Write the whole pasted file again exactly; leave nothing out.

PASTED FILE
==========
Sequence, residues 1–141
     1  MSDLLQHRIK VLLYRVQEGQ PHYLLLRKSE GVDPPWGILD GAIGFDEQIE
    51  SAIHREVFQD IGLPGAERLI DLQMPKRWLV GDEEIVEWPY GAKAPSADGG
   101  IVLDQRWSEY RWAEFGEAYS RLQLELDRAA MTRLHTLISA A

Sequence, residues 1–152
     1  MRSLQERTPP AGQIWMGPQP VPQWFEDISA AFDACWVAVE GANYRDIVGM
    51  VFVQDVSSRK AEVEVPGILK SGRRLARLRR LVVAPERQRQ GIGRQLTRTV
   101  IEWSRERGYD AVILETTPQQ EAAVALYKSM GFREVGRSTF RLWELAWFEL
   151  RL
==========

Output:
Sequence, residues 1–141
     1  MSDLLQHRIK VLLYRVQEGQ PHYLLLRKSE GVDPPWGILD GAIGFDEQIE
    51  SAIHREVFQD IGLPGAERLI DLQMPKRWLV GDEEIVEWPY GAKAPSADGG
   101  IVLDQRWSEY RWAEFGEAYS RLQLELDRAA MTRLHTLISA A

Sequence, residues 1–152
     1  MRSLQERTPP AGQIWMGPQP VPQWFEDISA AFDACWVAVE GANYRDIVGM
    51  VFVQDVSSRK AEVEVPGILK SGRRLARLRR LVVAPERQRQ GIGRQLTRTV
   101  IEWSRERGYD AVILETTPQQ EAAVALYKSM GFREVGRSTF RLWELAWFEL
   151  RL